Non-selective vs. selective beta-blocker treatment and the risk of thrombo-embolic events in patients with heart failure


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Abstract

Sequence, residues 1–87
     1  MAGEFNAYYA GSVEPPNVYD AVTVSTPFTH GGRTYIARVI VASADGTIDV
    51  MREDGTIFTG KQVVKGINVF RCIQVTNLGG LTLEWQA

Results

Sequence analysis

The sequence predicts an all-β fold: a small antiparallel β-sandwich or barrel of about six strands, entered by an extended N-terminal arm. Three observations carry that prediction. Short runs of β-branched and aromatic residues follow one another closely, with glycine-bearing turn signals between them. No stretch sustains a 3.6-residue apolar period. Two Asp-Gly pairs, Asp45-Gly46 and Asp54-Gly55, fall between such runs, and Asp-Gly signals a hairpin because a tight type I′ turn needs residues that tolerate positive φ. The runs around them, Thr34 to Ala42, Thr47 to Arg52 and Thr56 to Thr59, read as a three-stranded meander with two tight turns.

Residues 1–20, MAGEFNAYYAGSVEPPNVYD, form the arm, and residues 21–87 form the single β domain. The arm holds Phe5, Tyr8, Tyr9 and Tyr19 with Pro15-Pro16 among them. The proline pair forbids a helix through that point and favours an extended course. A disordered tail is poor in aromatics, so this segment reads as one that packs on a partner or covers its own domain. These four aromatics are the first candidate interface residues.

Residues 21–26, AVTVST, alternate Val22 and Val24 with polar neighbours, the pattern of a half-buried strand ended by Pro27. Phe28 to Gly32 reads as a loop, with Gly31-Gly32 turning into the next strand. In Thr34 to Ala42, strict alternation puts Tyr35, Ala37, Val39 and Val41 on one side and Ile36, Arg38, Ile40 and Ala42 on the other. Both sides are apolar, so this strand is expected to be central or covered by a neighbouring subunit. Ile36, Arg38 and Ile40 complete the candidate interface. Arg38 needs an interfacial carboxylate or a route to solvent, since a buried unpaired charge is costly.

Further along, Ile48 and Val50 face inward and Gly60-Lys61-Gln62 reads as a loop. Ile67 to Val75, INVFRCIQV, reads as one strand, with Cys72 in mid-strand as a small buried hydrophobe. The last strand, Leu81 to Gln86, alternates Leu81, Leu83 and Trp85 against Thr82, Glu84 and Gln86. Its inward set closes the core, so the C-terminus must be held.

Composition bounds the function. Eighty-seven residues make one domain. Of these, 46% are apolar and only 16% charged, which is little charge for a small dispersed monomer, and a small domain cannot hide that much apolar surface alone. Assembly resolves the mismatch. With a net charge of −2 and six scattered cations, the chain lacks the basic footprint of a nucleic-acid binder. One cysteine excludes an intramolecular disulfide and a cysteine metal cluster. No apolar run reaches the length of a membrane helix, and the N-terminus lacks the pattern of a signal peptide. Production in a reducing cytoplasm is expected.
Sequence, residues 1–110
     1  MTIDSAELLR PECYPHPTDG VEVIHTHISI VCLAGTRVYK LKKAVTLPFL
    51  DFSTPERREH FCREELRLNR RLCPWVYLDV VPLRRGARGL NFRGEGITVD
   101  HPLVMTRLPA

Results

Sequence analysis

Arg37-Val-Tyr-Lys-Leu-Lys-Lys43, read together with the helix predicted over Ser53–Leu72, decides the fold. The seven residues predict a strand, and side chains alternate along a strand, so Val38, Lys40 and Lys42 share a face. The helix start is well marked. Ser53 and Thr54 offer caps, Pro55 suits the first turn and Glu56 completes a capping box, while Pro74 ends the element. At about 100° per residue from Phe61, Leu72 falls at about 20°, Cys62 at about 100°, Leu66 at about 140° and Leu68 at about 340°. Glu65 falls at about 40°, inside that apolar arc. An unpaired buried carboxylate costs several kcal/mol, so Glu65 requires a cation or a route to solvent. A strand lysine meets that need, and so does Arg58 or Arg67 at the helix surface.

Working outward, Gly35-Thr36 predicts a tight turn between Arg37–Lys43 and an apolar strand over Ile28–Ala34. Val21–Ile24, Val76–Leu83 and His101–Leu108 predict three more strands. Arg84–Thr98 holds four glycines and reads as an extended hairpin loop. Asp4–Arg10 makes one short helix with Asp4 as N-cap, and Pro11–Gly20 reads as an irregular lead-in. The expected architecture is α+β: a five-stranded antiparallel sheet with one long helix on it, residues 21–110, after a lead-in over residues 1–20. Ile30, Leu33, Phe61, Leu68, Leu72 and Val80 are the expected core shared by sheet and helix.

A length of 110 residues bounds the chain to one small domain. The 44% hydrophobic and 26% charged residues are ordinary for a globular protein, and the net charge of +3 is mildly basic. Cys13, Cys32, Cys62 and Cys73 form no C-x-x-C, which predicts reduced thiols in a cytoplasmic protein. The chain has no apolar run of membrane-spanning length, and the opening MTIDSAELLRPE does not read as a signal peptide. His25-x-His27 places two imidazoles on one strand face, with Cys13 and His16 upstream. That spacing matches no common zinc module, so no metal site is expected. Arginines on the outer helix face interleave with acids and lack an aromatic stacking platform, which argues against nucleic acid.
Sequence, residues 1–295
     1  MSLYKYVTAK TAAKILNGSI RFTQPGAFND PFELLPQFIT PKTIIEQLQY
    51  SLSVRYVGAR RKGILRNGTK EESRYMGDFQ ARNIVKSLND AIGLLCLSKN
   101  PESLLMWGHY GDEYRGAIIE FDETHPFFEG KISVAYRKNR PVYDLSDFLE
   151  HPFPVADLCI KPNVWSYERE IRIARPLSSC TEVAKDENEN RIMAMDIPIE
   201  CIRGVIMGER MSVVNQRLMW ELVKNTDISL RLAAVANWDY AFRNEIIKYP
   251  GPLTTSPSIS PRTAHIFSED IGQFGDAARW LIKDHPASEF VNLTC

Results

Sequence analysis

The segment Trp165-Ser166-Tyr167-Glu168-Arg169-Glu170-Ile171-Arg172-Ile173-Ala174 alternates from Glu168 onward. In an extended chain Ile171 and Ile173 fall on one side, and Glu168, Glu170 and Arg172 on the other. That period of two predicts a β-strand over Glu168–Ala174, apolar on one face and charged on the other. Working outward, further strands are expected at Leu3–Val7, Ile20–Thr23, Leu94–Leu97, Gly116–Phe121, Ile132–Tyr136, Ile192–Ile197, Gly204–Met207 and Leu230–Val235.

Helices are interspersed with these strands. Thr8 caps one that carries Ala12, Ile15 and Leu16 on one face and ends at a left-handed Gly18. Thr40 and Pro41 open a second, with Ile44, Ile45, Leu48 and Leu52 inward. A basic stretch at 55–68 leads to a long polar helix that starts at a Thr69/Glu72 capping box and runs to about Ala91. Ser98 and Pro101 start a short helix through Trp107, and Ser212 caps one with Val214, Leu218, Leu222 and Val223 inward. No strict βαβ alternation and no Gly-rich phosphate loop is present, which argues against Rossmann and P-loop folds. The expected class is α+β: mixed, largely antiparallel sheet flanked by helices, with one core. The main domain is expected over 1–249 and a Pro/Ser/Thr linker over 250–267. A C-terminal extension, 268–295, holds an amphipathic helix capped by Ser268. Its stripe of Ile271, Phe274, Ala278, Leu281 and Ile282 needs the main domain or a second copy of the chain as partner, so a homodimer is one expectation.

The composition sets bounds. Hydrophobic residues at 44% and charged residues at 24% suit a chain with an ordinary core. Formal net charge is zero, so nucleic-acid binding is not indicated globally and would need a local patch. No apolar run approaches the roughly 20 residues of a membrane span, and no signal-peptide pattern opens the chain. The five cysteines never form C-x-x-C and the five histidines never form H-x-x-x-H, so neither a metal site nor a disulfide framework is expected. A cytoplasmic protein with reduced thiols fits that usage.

AimsHeart failure (HF) is associated with a prothrombotic state, resulting in an increased risk for thrombo-embolic events. Studies suggest a reduced prothrombotic state when non-selective beta-blockers relative to selective beta-blockers are given. We studied the influence of non-selective beta-blockers compared with selective beta-blockers on the occurrence of arterial and venous thrombo-embolic events in patients with HF.Methods and resultsData were obtained from the PHARMO Record Linkage System, a population-based registry of pharmacy records linked with hospital discharge records in The Netherlands. In the period of 1998–2007, 20 870 patients were hospitalized for HF. We used Cox regression analysis with time-varying beta-blocker covariate to assess the difference in the incidence of thrombo-embolic events [acute coronary syndrome (ACS), stroke, or pulmonary embolism] among patients. Median follow-up was 2.0 years (inter-quartile range: 0.7–4.1). Directly after discharge, 6558 patients were prescribed a selective beta-blocker and 2202 patients a non-selective beta-blocker. The hazard ratio (HR) for any thrombo-embolic event for non-selective beta-blockers compared with selective beta-blockers was 0.76 [95% confidence interval (CI): 0.64–0.89]. After adjustment, the difference remained (HR 0.84, 95% CI: 0.72–0.99). The effect was most prominent for ACS (HR 0.78, 95% CI: 0.65–0.93), and not clear for stroke (HR 1.00, 95% CI: 0.67–1.50) or pulmonary embolism (HR 1.33, 95% CI: 0.66–2.71).ConclusionIn patients with HF, the use of non-selective beta-blockers was associated with a lower risk of thrombo-embolic events than selective beta-blockers. Whether this beneficial effect is caused by the additional beta2-receptor blockade remains to be elucidated. These findings need to be validated in a well-designed randomized study.

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